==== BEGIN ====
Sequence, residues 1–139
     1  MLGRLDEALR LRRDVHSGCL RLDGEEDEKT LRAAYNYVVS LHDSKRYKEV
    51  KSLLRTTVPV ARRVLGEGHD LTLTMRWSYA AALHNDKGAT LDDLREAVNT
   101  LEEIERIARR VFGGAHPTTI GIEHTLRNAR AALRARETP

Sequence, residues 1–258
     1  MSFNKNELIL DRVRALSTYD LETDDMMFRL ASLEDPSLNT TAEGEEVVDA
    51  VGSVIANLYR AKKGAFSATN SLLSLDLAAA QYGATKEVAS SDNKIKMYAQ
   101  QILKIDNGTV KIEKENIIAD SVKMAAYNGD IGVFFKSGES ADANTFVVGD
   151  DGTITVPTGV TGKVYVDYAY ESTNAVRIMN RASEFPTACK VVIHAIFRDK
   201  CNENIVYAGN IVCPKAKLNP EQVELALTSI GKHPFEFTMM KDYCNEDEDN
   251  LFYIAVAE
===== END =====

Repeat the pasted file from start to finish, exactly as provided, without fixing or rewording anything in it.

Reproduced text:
Sequence, residues 1–139
     1  MLGRLDEALR LRRDVHSGCL RLDGEEDEKT LRAAYNYVVS LHDSKRYKEV
    51  KSLLRTTVPV ARRVLGEGHD LTLTMRWSYA AALHNDKGAT LDDLREAVNT
   101  LEEIERIARR VFGGAHPTTI GIEHTLRNAR AALRARETP

Sequence, residues 1–258
     1  MSFNKNELIL DRVRALSTYD LETDDMMFRL ASLEDPSLNT TAEGEEVVDA
    51  VGSVIANLYR AKKGAFSATN SLLSLDLAAA QYGATKEVAS SDNKIKMYAQ
   101  QILKIDNGTV KIEKENIIAD SVKMAAYNGD IGVFFKSGES ADANTFVVGD
   151  DGTITVPTGV TGKVYVDYAY ESTNAVRIMN RASEFPTACK VVIHAIFRDK
   201  CNENIVYAGN IVCPKAKLNP EQVELALTSI GKHPFEFTMM KDYCNEDEDN
   251  LFYIAVAE